By Anna Merlan
By Lee Escobedo
By Alice Laussade
By Scott Reitz
By Claire Lawton
By Kiernan Maletsky
By Anna Merlan
A few weeks ago, Harold Ramis was sitting in a hotel conference room discussing the subtext of The Ice Harvest, his new film based on the novel by Scott Phillips and adapted by Robert Benton and Richard Russo. Ramis explained he took the project, which Benton (Nobody's Fool, The Human Stain) and others were supposed to direct, because it was, in his estimation, about far more than two men swindling a mobster out of $2 million on Christmas Eve. Rather, he insisted, it dealt with the fact that no one can be trusted anymore--how we live in a world in which layers of lies are offered as The Official Truth, and doubters are damned as traitorous dissenters. "As a nation," Ramis said, "we're living in a dark time...We're suffering from an epistemological crisis, because we don't know what we know anymore." So it's, like, all political and existential and shit--a cautionary tale dolled up as a hodgepodge of inept misdeeds and iniquitous missteps, or so says the guy who co-wrote Animal House and Stripesand Caddyshack.
Which isn't to say that The Ice Harvestis so terrible that Ramis must give a good accounting of himself. He's made far, far worse things to keep off the résumé at all costs: Club Paradise, Analyze That, Stuart Saves His Family, that Bedazzledremake. For The Ice Harvest, a movie full of degenerates and schmucks and pornographers and hoodlums who seem to make up the majority of the populace of Wichita, Kansas, he need not apologize; better Ramis enter this frigid territory than the countless other klutzes trying to walk in Fargo's footsteps all these years. It's a dark lark, no more and no less, a caper comedy full of enough kinky jokes to remind the audience that, indeed, you're supposed to laugh at it every now and again.
The characters are laughable all by their lonesome, none more so than John Cusack's Charlie Arglist, a big-time attorney in a small-time town looking to make a break for it on the slipperiest night of the year. Cusack's good at playing guys like Charlie, the low-lifer at the end of his short rope; after so many years of playing the hopeful romantic, he may be better suited after all to the role of hopeless and hapless dope. Charlie only looks like he's got his shit together--nice enough car, decent suit, good looks capped with a blank stare. But he's big time only in the middle of nowhere--"Kans-ass," as his drunken pal Pete (Oliver Platt) puts it. He's a failure disguised as a success: Charlie apparently spends all his time warming barstools in strip clubs; couldn't keep his marriage together (his wife ran off with Pete and made himso miserable that he lives in the bottom of a booze bottle); can't get his two little kids to even acknowledge him, much less like him; and can't even land the way-too-pretty owner of a rinky-dink strip bar, Renata (Connie Nielsen), who has so little going for her that she's collecting coin on Christmas Eve.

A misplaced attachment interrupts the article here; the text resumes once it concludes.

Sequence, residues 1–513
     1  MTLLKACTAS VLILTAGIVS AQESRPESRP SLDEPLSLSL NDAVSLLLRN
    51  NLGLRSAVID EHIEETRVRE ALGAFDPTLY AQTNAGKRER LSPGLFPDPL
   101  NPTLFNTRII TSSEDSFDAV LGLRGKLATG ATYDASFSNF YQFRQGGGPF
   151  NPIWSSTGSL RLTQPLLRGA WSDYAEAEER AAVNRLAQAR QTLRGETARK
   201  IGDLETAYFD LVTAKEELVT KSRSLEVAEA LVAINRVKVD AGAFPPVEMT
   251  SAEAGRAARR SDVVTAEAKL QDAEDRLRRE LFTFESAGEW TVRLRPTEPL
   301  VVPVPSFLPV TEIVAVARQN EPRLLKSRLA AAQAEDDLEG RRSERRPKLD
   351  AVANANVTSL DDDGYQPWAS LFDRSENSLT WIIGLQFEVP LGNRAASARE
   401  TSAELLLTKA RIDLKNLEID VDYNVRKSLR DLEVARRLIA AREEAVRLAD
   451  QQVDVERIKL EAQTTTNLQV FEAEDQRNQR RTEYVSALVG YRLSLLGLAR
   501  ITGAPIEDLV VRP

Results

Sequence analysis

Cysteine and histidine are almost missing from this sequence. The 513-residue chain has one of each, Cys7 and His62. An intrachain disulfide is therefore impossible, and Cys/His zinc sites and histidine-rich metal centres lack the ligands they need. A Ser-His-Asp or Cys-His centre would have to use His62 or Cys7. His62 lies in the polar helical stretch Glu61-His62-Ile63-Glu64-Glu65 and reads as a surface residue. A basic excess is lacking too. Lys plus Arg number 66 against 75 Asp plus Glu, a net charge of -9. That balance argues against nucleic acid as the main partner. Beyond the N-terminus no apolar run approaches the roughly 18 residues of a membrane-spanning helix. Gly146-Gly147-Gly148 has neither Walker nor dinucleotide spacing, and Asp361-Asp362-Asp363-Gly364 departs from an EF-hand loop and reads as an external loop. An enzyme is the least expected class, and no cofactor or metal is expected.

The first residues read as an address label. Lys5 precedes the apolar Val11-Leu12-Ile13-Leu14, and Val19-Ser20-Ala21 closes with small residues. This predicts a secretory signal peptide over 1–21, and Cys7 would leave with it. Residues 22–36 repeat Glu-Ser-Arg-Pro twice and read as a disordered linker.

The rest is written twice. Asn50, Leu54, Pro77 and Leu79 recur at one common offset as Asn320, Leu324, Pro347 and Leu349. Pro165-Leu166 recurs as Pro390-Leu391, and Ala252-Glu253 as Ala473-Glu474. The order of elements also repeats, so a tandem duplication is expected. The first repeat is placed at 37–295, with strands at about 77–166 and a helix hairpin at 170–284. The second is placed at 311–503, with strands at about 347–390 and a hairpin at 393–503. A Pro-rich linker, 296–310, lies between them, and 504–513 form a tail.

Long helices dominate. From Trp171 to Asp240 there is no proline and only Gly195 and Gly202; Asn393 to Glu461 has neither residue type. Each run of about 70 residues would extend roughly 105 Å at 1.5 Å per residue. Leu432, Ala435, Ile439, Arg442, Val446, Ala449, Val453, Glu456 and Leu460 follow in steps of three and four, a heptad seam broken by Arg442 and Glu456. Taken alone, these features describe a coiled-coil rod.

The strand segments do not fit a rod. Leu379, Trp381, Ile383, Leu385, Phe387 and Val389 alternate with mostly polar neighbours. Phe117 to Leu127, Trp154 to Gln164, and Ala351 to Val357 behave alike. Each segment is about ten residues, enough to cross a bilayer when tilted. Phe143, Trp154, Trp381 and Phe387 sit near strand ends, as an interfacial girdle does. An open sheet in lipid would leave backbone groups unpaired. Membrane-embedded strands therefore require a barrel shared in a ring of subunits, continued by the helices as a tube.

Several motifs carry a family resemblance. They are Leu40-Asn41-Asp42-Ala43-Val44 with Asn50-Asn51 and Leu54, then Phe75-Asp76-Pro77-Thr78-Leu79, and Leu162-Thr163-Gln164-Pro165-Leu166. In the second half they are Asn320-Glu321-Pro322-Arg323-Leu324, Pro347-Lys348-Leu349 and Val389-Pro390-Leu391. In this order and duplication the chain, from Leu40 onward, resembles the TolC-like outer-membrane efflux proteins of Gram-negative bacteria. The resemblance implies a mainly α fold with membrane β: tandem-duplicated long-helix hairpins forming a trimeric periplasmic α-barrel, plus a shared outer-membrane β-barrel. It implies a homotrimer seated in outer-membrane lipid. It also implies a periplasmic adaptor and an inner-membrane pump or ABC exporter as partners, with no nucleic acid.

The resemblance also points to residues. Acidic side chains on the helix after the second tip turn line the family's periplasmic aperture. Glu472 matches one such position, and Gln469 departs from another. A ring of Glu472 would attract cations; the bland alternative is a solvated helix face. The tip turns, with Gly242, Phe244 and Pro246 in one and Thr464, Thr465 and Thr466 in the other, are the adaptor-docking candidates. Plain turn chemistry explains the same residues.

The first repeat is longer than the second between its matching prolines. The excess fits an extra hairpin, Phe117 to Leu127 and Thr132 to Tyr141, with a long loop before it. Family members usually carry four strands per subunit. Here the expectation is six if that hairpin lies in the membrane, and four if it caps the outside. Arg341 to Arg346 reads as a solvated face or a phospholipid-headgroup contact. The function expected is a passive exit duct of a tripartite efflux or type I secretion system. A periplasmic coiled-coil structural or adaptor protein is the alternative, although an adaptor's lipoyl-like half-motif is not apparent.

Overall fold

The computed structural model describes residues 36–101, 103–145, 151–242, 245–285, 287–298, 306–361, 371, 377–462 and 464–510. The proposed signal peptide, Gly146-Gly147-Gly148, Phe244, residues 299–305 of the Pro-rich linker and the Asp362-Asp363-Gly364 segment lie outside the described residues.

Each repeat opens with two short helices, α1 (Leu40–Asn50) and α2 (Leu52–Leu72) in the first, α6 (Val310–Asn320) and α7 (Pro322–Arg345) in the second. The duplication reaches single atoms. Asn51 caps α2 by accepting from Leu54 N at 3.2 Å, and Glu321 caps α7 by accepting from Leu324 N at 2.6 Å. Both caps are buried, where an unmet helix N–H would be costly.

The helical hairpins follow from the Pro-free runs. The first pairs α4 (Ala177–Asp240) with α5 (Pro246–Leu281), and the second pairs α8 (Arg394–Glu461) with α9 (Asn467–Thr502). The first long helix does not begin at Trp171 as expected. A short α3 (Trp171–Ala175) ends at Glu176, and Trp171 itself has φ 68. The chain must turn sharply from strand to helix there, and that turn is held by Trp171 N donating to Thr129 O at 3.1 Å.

So awful is Charlie's existence, he has for a partner a double-dealing pornographer named Vic (Billy Bob Thornton), the kind of guy who'd think nothing of capping his own wife if it meant keeping someone from finding out something he shouldn't know. Charlie and Vic aren't so much partners--more like rivals joined at the leather bag of cash stashed between them in the front seat. You never really understand why or how these two ended up as friends and partners in crime--the movie begins with Charlie making the illicit withdrawal, as casually as he might take $20 from an ATM--but they do deserve each other. But Charlie has Pete, too, whom he drags around the frozen night like the slurred voice of reason. They have too muchin common: the same wife, the same frustrations, the same impotent aspirations that have kept them in the same lousy place too long.
A better title might have been It's a Miserable Life. If Groundhog Daywas Ramis' Capra homage, this is his Capra parody, about a man doing the worst things imaginable at Christmastime to make his life just a little bit better come New Year's Day. Charlie, unlike Bill Murray's Phil, isn't going to come out of this experience a better man or a changed man, just a corrupt and empty man who did what he did so he could do something else. So it's got that going for it, which is nice. Yet whatever Ramis' intentions for The Ice Harvest--as political parable, as comic anti-Christmas caper, as something slightly more respectable than a work for hire--the movie's fun if too familiar; we've been here before, even if he hasn't. This is lightweight stuff dying to be seen as heavy, and it just isn't. People betray each other in movies all the time, and Ramis can drill for subtext all he wants, but here he comes up not with rich crude but, a little too often, just some tap water.
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